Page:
Airplane III – the disconnection

September 25th, 2010

On Thursday I took my friend to the airport for her flight back to Amsterdam. What a shambles! Of course getting there is the first problem in Edinburgh – the traffic as usual was hopeless despite it not being rush hour, but I’ll leave that for the next post. Arriving at the airport showed just how useless our transport systems and planning are.

First we have traffic lights at the roundabout that you reach after leaving the dual-carriageway. There is only one way to go at this roundabout – to the airport – so why put in traffic lights? All that happens is that traffic going to or coming from the airport is held up while the other sequence waits for any traffic that’s just come off the dual-carriageway to rejoin it; hardly a likely scenario. So that was the first holdup, but worse was to follow. As we approached the airport and the turnoff to the car park the traffic slowed to a crawl, including taxis.

When we eventually arrived we found that the usual entrance was blocked off but information was completely lacking and the diversion signs seemed to take you back out away from the airport. As a result people were stopping in a cramped area and letting their passengers out, blocking any other traffic from getting through. Clearly this was not the intended action but the Police Traffic Warden was just standing around making no attempt to advise anyone or prevent the blocking of the road. Maybe he realised that the situation he’d been left with was untenable.

I was forced to do the same as everyone else and then when I was finally able to get out from the confusion I drove around back to the now sole entrance to the short-stay car park to find part of it being dug up, but as usual very little in the way of help as to where to go. Had there been any indication that this was now the only way in and that this was the best place to use for dropping off travellers then this could all have been avoided.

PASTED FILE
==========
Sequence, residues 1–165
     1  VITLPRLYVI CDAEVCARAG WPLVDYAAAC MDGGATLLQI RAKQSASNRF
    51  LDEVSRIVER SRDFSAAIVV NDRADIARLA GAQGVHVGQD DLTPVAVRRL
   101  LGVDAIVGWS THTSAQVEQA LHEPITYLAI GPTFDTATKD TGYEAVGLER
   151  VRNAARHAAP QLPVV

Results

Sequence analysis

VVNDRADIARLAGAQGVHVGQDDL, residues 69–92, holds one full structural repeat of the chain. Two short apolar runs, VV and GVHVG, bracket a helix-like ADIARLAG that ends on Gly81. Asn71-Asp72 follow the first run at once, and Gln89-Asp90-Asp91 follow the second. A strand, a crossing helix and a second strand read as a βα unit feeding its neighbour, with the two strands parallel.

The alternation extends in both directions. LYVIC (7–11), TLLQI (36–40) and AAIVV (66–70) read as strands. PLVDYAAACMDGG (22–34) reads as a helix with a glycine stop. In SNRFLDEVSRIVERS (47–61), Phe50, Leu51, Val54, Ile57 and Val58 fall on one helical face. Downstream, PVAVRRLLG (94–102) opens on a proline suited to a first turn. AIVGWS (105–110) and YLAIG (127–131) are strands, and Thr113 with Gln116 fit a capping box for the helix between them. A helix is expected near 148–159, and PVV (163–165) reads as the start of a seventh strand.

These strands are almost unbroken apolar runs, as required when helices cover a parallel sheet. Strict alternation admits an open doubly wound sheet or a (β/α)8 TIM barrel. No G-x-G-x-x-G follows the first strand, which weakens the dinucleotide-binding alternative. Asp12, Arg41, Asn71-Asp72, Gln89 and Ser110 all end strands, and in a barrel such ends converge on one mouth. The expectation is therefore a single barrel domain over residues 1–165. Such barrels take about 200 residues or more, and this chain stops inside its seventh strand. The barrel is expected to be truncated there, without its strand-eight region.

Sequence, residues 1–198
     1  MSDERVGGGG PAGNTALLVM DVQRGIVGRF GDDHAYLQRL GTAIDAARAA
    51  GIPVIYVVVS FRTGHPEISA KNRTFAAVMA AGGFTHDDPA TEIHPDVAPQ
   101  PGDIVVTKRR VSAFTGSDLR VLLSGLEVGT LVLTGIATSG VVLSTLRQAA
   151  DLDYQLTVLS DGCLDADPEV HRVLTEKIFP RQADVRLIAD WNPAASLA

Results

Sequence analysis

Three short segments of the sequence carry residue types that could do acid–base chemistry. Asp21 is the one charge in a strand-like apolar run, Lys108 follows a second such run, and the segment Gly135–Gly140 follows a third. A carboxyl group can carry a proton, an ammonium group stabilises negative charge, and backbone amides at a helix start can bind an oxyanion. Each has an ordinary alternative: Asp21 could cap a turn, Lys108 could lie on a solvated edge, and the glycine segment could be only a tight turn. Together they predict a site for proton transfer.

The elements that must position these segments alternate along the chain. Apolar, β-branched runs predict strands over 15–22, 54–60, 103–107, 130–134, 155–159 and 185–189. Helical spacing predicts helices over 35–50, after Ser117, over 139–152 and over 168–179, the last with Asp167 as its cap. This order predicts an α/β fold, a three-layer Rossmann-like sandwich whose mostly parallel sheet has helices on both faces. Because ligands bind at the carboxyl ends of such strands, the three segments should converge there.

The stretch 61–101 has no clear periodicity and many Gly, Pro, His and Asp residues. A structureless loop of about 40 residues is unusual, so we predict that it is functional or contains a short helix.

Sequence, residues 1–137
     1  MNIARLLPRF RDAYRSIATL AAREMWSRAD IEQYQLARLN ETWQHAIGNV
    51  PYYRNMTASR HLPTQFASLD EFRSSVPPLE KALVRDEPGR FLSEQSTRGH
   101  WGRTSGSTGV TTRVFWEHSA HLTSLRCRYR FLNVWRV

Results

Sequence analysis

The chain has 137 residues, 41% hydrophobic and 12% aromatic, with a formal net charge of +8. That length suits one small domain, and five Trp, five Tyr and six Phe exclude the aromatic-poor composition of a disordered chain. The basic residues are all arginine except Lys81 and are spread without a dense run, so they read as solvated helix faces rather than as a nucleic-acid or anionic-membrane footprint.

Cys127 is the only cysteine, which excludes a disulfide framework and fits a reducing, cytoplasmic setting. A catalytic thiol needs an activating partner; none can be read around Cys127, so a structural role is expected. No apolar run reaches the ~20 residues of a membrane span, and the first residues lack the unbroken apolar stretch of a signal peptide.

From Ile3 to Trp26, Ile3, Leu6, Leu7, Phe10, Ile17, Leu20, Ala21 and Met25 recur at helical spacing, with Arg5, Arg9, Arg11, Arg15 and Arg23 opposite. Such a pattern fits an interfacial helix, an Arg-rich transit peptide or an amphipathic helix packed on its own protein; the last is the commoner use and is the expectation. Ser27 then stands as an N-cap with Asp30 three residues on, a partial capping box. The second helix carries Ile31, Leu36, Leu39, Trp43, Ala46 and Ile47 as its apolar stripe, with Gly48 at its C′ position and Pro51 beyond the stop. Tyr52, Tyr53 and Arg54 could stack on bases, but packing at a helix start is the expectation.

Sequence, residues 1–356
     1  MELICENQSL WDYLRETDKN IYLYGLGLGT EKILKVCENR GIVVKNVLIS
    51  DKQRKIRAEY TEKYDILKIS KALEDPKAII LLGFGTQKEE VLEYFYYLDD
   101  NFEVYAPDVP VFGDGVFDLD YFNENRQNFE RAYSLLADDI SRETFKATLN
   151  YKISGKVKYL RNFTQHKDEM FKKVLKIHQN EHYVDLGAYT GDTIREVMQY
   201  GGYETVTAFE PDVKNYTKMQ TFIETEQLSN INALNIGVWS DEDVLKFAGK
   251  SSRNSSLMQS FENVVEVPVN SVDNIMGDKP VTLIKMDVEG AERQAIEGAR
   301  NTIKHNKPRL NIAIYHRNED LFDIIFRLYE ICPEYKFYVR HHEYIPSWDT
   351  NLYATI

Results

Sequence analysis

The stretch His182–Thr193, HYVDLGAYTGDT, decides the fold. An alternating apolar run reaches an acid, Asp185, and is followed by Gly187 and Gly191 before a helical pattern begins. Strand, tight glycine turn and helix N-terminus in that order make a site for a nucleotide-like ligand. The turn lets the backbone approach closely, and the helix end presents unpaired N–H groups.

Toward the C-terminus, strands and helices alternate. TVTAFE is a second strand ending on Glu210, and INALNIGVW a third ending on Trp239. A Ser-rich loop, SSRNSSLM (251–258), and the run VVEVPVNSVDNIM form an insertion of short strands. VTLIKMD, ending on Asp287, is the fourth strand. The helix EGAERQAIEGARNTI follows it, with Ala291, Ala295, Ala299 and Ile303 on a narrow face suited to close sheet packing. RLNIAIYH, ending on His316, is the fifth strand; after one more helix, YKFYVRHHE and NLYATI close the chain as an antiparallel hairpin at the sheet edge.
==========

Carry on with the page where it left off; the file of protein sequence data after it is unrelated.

Recently we’ve heard that the airport plans to charge people £1 for just dropping off travellers – an unbelievable action that is completely without justification, so it’s unclear whether this crazy situation is part of the preparation for that, but this is just another example of the way Edinburgh seems determined to discourage visitors. It’s bad enough that they are treated this way when trying to leave, but the welcome when they arrive is regularly just as bad. On a number of occasions I’ve returned from trips to find the arrival process positively hostile and the transport provision almost non-existent. On one occasion my father and I arrived at around 10pm on a Saturday night to find that there were no taxis for an hour – the many tired and irritated people, many with young children, forced to queue with no seating wore expressions of astonishment at the lack of facilities. The bus and taxi points seem to be in different places on every visit and like everything else are poorly and confusingly signed even in English, and there seems to be no sensible long term plan for protecting people from rain and bad weather – the glorified bus shelters doing very little. Compared to most international airports there is virtually no signage in foreign languages. Generally the feeling is that no-one cares about visitors and the impression they get on arrival.

Meanwhile the tram system – if it ever gets finished which is looking doubtful – will not go to the terminal but will stop at a park-and-ride from where travellers will have to board a shuttle bus. Of course most European cities have trains from their airports. In Zurich they run under the airport with escalator connections and you never have to step outside. In Amsterdam the railway can have you in the city centre in minutes, in Frankfurt, in Brussels, in countless other cities it would be unthinkable to not have a railway connection. Edinburgh has a railway line that passes close by, yet again and again the suggestion that it actually have a connection has been knocked back by planners and politicians. Short term finances are put ahead of any sort of vision, any sort of integration, any hint of green planning, or any consideration for passengers and visitors.

As my friend asked – why do we put up with it and why is it that no-one is held responsible? She was glad to be heading back to Holland where things are done differently. I wonder how many other visitors to Edinburgh never return?

Entry Filed under: Edinburgh,Transport

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